Vayssierae felis

Image courtesy of Robin Agarwal
Photo by Robin Agarwal
San Diego, California

Image courtesy of Robin Agarwal

Vayssierae felis (Collingwood, 1881)

Why is it that the most of us have never seen the most common, most abundant, sea slug on most of our coast lines? And to make it worse - for most Branchers this species has one of the most fascinating natural histories of any of our more common slugs, and we have never seen it. Really - why is that?

Well to start with - they are very small (less than 6 mm) and they occur intertidally, a part of the ocean only citizen scientists like Robin explore.

When Collingwood described this unique species from the South China Sea, he thought be a juvenile Gymnodorid because he could not see a gill. No kidding - it doesn't have one. Oh Yes - it is now known worldwide. What might be the explanation for this?

This tiny bright orange-red species of dorid nudibranch, often referred to vernacularly as the "Drilling Dorid" feeds on the polychaete worm, Spirobis, which is an abundant member of everyone of our intertidal coastlines. <

The nudibranch has a unique boring radula accompanied by a chemical gland capable of dissolving the tube of the worm, teaming together they can of drill though the calcareous tube of the Spirobid worms, allowing the slug to suck out dinner.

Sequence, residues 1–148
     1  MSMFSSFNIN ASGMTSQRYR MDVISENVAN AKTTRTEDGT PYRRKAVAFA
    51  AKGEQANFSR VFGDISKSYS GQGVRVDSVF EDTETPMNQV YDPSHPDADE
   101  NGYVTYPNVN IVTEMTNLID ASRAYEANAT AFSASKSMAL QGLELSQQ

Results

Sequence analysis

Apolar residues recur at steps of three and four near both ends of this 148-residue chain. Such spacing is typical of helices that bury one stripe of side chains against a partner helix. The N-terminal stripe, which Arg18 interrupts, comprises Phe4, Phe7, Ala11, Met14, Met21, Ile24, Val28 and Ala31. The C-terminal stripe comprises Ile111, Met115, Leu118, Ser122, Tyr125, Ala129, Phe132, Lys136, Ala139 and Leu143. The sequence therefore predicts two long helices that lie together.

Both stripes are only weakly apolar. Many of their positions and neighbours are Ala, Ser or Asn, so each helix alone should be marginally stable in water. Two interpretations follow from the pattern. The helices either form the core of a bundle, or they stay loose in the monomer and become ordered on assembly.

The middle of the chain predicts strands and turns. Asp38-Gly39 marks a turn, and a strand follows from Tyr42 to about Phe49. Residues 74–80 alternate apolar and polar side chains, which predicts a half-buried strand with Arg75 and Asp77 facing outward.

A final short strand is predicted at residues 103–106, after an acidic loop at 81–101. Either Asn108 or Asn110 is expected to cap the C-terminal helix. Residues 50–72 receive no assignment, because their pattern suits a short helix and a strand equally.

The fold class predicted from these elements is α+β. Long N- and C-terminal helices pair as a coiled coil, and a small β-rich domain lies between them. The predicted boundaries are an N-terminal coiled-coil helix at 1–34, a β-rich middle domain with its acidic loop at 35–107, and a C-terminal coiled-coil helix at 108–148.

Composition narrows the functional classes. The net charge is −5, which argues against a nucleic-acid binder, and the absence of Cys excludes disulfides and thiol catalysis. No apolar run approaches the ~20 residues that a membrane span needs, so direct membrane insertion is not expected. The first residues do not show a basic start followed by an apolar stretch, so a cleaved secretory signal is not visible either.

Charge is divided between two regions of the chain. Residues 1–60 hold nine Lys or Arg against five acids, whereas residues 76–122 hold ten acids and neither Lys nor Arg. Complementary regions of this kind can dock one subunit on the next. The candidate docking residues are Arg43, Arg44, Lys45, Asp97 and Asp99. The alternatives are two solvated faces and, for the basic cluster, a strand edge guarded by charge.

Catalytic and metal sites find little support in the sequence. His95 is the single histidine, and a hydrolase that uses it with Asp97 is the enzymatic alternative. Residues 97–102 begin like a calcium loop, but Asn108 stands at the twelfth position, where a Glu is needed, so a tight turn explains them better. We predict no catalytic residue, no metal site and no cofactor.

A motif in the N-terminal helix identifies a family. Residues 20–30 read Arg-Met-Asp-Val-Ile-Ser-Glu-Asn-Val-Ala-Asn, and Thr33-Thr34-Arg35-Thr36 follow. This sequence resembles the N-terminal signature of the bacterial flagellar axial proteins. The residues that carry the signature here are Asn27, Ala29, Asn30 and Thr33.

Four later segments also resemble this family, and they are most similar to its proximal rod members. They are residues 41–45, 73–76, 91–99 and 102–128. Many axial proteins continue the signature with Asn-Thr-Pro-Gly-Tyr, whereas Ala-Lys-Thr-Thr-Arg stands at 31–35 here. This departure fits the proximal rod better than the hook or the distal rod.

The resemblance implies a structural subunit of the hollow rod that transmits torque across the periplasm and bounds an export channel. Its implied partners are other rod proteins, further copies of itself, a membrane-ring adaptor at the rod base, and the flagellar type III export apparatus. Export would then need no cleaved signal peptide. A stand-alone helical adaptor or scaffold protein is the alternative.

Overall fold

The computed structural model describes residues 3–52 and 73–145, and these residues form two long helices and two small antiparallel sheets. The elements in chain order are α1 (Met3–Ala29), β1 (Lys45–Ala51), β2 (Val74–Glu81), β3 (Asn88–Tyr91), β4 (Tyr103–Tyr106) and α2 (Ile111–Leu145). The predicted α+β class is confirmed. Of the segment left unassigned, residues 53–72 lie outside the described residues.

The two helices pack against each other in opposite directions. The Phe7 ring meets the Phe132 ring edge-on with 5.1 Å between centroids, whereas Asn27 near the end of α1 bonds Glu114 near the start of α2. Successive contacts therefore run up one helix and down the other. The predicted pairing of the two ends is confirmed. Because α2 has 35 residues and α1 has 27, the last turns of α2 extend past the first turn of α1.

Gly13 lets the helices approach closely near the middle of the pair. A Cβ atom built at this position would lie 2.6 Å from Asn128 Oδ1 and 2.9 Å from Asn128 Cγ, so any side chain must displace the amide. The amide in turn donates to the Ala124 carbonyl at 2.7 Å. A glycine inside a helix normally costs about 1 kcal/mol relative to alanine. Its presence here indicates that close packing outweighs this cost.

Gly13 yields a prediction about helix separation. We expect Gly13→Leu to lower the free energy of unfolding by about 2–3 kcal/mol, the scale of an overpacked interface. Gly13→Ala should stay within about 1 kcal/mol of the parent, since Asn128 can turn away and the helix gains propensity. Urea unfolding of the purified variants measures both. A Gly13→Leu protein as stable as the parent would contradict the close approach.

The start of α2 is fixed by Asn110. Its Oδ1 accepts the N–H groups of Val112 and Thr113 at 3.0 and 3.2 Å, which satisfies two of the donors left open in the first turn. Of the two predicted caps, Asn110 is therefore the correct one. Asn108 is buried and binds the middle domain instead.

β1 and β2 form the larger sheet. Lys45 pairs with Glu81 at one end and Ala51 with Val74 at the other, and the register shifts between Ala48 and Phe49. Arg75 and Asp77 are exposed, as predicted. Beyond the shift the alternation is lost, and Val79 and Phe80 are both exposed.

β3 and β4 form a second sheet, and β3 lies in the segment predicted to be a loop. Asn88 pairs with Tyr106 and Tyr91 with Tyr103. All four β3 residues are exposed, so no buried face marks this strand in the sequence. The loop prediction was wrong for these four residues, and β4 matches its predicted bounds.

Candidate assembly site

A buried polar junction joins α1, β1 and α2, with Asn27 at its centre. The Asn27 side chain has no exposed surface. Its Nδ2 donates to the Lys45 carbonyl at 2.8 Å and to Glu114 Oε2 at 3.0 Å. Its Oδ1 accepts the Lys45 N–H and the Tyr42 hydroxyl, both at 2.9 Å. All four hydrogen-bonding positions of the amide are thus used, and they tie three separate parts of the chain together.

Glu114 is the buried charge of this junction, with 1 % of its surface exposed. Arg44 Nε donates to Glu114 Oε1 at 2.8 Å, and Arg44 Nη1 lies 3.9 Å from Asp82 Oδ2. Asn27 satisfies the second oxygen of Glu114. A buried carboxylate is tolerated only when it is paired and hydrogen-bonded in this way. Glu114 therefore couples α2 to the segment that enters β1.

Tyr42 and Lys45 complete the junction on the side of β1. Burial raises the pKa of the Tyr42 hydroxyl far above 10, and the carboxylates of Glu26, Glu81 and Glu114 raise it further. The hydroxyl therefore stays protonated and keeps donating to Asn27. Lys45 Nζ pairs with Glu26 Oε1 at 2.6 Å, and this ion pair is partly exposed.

If this isn't interesting enough, this critters has direct development, laying just a few eggs at each spawn. As the eggs develop within the adult they can be easily seen thought the slugs this body tissue. This is likely why large aggregations (seen at left) of this species are common.

Dave Behrens
Sammamish, WA 98074
Sept., 2021
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Image courtesy of Robin Agarwal

I don't dive. And I don't own an unwieldy,expensive underwater camera rig. What I do is peer into tidepools and hang my head over the side of floating docks, hoping to spot a nudibranch and get a few snaps with the trusty little point-and-shoot, underwater macro camera that fits in my pocket.

I was a tidepool kid who went astray and graduated with a liberal arts degree. In the last decade, I've returned to the tidepools and found a particular passion for photographing nudibranchs and other intertidal marine life. I'm co-editor of the California Sea Slugs Guide on, where I have posted about 4,000 geotagged observations of nudibranchs, mostly along the Central California coast. Since I offer all my photos free to non-profit organizations (my way of thanking them for the work they do), you can find them all over the internet as well as Bay Nature magazine and NOAA National Marine Sanctuary informational signage. I've also been an enthusiastic contributor to a few scientific papers on nudibranchs, such as Heterobranch Sea Slug Range Shifts in the Northeast Pacific Ocean Associated with the 2015-16 El Nino by Goddard et al. (2018).


Robin Agarwal

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From left to right, Terry Gosliner, Angel Valdes, Dave Behrens La Jolla, Calif.

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